‘F**k off’  word is vulgar, offensive American slang, says Delhi court


A Delhi court ruled that the phrase “f**k off” is a “vulgar”, “offensive American slang” that should not be used in Indian society, schools, or universities as a way to urge someone to leave since it has a sexual connotation and may result in legal action for outraging someone’s modesty.

In its verdict, the court upheld the accusations made against a man for allegedly hurting a woman’s modesty by using the phrase and threatening her in 2019.

According to the first information report (FIR), the accused had abused the woman on May 9, 2015, at her house, also calling her a “bazaru aurat”. A magistrate’s court had on August 20 framed charges against the accused under various sections of the Indian Penal Code, including 509 (outraging a woman’s modesty) and 506 (criminal intimidation).

The accused challenged the order, saying “f**k off” is not a sexually coloured remark, adding that he had used the phrase only to ask the woman to leave the premises. He contended that the meaning of the phrase is defined in Cambridge Dictionary (UK) as “…to leave or go away, used specially as a rude way of telling someone to go away…”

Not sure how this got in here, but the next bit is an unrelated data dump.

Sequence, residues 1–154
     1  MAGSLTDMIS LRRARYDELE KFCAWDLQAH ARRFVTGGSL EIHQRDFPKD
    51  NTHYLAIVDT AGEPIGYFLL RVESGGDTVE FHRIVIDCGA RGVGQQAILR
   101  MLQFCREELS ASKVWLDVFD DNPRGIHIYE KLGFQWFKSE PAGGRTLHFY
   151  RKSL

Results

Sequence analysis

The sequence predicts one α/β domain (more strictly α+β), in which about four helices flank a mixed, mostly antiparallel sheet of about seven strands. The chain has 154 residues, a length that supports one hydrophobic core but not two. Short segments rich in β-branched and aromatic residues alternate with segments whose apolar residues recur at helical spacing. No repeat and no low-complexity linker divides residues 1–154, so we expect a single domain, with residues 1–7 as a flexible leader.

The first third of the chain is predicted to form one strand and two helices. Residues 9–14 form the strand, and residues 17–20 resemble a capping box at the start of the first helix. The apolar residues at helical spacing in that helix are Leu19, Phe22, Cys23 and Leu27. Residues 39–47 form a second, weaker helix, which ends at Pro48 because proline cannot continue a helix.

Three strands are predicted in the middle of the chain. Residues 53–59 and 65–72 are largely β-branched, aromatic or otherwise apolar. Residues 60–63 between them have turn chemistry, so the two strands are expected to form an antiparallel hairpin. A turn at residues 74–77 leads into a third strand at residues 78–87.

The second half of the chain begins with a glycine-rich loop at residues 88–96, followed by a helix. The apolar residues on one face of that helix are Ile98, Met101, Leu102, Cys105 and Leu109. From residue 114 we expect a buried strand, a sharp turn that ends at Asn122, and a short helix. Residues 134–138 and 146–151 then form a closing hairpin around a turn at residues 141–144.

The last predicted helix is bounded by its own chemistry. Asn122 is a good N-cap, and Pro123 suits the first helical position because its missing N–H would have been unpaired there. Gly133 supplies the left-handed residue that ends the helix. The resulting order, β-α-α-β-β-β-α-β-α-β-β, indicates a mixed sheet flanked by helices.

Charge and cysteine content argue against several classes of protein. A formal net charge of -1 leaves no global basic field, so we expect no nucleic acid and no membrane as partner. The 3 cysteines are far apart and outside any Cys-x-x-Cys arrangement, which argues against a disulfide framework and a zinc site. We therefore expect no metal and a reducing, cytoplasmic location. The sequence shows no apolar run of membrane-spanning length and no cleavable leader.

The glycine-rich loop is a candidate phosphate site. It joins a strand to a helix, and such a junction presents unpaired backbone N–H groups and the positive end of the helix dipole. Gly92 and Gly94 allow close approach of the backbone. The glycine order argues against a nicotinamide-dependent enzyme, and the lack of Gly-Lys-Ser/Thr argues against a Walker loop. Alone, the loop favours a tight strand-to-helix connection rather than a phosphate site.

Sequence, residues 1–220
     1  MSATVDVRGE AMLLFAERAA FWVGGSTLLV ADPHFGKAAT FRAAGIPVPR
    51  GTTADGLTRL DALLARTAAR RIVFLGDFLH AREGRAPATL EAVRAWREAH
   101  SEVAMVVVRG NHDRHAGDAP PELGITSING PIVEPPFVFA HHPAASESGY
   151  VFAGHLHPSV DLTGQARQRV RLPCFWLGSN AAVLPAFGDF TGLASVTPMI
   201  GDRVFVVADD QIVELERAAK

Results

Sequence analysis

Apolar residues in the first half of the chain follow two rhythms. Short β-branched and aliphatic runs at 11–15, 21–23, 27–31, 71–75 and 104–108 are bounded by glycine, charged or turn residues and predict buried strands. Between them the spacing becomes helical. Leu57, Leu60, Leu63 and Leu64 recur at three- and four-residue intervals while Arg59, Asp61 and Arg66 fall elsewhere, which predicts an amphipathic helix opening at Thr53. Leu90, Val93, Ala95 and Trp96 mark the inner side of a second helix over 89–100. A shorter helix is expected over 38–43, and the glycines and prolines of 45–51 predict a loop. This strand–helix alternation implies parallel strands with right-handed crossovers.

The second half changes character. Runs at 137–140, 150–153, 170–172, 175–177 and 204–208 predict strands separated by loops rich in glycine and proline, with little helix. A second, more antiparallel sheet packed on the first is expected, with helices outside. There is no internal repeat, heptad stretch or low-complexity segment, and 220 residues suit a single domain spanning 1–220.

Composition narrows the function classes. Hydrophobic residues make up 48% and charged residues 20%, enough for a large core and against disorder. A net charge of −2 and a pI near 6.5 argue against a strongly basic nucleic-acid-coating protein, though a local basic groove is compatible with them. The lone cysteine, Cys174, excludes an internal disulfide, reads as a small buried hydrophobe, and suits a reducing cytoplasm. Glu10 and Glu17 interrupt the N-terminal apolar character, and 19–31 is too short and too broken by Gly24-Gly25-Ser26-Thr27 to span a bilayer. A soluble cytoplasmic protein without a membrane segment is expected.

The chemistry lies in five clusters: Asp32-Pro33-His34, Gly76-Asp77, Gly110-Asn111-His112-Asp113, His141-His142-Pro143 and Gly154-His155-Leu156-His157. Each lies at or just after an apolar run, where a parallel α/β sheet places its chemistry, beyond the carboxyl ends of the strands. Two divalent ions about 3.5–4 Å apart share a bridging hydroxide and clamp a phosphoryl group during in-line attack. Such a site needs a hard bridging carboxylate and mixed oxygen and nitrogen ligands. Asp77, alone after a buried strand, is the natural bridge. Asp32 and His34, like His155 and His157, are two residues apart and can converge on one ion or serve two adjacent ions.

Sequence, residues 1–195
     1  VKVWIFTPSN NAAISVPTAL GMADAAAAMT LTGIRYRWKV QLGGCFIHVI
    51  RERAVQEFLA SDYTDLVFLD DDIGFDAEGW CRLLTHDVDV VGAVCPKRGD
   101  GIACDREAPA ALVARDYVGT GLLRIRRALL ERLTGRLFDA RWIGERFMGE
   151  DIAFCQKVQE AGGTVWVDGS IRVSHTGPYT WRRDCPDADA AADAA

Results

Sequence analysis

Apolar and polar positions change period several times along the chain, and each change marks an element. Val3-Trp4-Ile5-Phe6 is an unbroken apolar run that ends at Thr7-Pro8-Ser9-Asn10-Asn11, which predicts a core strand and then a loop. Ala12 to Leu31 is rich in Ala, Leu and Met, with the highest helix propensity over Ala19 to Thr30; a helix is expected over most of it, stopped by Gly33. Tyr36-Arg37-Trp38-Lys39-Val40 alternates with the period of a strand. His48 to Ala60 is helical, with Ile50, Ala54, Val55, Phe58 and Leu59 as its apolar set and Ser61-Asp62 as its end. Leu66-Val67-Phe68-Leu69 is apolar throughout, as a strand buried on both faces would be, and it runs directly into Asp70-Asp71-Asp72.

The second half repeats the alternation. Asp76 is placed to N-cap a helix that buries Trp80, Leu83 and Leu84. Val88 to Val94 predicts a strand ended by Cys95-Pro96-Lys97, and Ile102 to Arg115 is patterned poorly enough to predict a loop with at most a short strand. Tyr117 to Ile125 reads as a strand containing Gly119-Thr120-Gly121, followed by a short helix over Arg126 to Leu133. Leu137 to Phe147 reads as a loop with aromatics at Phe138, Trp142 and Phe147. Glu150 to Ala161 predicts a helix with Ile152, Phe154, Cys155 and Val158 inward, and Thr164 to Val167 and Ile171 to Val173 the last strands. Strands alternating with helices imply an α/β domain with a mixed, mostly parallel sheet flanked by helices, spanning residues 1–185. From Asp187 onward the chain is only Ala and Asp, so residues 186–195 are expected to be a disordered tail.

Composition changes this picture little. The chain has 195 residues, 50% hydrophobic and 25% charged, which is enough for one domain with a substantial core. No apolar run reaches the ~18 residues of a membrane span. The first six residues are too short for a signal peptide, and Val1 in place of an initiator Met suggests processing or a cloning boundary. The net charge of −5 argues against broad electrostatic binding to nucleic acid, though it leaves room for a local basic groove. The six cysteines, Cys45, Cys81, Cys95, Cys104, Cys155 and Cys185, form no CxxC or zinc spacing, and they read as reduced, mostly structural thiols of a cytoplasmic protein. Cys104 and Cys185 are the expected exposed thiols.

The accused’s lawyer had also argued that “f**k off” is a commonly used phrase in society and at colleges and universities.

On October 29, additional sessions judge Sanjay Sharma denied the plea in a six-page judgement. “Moreover, given the facts and circumstances of the incident, it cannot be said that the petitioner was merely intending to ask the complainant to leave or go away. In ordinary sense, the said word is abusive, offensive and humiliating. This Court does not find any merit in the contention of counsel for the petitioner that the dictionary meaning of the word is defined as ‘to leave or go away’. The said word is a ‘sexually coloured remark’.”